The Court failed to note that the CBDT was dealing with the larger issue of checking generation of black money and the CBDT has not categorically held that charitable trusts are not entitled for the claim for depreciation.

Further CBDT circulars are not binding on the assessee. Moreover, the statute does not expressly state that depreciation is not allowable in computing the income of charitable trusts.

Subsequent decisions

However, subsequently, in the same year, the High Court of Delhi dealt with a similar issue in DIT Vs. Vishwa Jagriti Mission and once again distinguished the Escorts Ltd. case (supra)

In DIT Vs. Vishwa Jagriti Mission (2012) 73 DTR (Del) 195, the Court held that in computing the income of a charitable institution/trust, depreciation of assets owned by the trust/institution is a necessary deduction on commercial principles. The amount of depreciation debited to the accounts of the charitable institution has to be deducted to arrive at the income available for application to charitable and religious purposes. It also distinguished the Escorts Ltd. case and held that:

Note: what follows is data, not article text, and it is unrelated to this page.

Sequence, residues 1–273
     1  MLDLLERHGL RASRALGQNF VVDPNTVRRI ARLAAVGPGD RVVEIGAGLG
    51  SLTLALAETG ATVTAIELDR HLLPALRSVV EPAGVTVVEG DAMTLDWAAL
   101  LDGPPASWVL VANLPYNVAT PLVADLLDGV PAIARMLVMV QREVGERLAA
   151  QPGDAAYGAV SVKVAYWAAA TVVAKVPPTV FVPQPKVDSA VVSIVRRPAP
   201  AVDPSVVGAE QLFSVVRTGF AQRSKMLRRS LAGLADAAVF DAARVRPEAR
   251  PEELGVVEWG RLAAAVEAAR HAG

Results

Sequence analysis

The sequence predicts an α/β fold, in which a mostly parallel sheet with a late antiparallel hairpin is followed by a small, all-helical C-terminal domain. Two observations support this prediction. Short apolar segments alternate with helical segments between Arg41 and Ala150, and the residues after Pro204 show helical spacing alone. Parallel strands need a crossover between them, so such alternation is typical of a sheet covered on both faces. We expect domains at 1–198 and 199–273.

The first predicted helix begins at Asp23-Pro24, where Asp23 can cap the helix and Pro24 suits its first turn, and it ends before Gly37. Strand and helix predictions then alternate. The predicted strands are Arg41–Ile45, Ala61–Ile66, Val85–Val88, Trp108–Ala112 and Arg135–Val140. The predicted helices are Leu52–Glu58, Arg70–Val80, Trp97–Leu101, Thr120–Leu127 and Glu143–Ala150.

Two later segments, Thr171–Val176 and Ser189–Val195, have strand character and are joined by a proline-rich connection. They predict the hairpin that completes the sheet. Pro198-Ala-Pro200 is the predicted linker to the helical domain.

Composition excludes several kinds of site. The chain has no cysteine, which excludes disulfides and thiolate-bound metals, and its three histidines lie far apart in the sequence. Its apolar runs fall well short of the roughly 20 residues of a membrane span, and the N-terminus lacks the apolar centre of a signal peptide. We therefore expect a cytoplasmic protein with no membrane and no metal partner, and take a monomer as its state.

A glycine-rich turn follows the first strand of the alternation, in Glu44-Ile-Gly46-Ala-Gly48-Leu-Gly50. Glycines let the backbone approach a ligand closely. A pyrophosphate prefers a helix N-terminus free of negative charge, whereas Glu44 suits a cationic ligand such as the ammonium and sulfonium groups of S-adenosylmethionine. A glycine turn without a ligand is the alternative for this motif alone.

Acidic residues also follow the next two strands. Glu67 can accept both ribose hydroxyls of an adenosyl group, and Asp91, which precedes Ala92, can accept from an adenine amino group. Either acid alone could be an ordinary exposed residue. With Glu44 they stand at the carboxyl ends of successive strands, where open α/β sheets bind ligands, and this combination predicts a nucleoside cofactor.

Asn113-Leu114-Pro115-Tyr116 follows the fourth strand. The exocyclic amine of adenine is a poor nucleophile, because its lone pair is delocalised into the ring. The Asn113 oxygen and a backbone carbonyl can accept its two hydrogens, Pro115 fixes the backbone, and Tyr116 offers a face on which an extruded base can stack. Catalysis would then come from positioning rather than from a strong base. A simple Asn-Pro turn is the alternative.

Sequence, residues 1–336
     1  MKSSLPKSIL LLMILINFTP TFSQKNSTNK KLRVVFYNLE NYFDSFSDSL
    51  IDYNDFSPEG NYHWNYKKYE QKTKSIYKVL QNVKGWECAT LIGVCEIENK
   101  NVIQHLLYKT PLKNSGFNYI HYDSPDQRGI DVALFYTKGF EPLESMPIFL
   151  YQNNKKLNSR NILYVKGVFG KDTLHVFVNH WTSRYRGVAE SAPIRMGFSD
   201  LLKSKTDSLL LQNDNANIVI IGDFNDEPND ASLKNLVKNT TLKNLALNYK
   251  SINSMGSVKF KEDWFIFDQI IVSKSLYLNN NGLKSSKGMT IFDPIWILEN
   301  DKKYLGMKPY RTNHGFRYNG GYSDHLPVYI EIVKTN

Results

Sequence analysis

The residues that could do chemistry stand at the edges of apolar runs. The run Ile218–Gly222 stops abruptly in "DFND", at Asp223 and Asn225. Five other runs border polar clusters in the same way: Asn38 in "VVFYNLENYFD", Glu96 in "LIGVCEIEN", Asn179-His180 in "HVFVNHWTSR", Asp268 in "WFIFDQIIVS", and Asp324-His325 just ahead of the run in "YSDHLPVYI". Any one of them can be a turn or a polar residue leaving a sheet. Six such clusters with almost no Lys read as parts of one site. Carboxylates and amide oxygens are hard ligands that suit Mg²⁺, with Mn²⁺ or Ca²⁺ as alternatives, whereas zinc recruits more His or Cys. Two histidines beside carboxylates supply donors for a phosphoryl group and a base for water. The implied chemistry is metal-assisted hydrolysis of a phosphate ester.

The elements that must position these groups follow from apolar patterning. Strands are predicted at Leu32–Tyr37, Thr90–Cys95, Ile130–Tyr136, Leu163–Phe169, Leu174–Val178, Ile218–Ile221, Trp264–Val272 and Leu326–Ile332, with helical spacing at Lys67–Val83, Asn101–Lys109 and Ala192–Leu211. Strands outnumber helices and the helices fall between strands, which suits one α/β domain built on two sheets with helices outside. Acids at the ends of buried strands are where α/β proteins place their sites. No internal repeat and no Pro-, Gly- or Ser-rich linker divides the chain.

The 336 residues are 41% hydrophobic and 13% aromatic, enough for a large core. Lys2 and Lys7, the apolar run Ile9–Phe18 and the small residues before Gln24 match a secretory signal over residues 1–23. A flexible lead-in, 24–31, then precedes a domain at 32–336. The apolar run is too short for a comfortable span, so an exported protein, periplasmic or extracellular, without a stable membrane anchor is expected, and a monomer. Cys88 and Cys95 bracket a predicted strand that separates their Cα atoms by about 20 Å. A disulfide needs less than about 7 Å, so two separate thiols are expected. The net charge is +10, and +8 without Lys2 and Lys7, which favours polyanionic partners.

“…. In the Escorts case, the Supreme Court was not concerned with the case of a charitable trust/institution involving the question as to whether its income should be computed on commercial principles in order to determine the amount of income available for application to charitable purposes. It was a case where the assessee was carrying on business and the statutory computation provisions of Chapter IV-D of the Act were applicable. In the present case, we are not concerned with the applicability of these provisions. We are concerned only with the concept of commercial income as understood from the accounting point of view. Even under normal commercial accounting principles, there is authority for the proposition that depreciation is a necessary charge in computing the net income. Secondly, the Supreme Court was concerned with the case where the assessee had claimed deduction of the cost of the asset under Section 35 (1) of the Act, which allowed deduction for capital expenditure incurred on scientific research. The question was whether after claiming deduction in respect of the cost of the asset under Section 35 (1), can the assessee again claim deduction on account of depreciation in respect of the same asset. The Supreme Court ruled that, under general principles of taxation, double deduction in regard to the same business outgoing is not intended unless clearly expressed. The present case is not one of this type, as rightly distinguished by the CIT(Appeals).”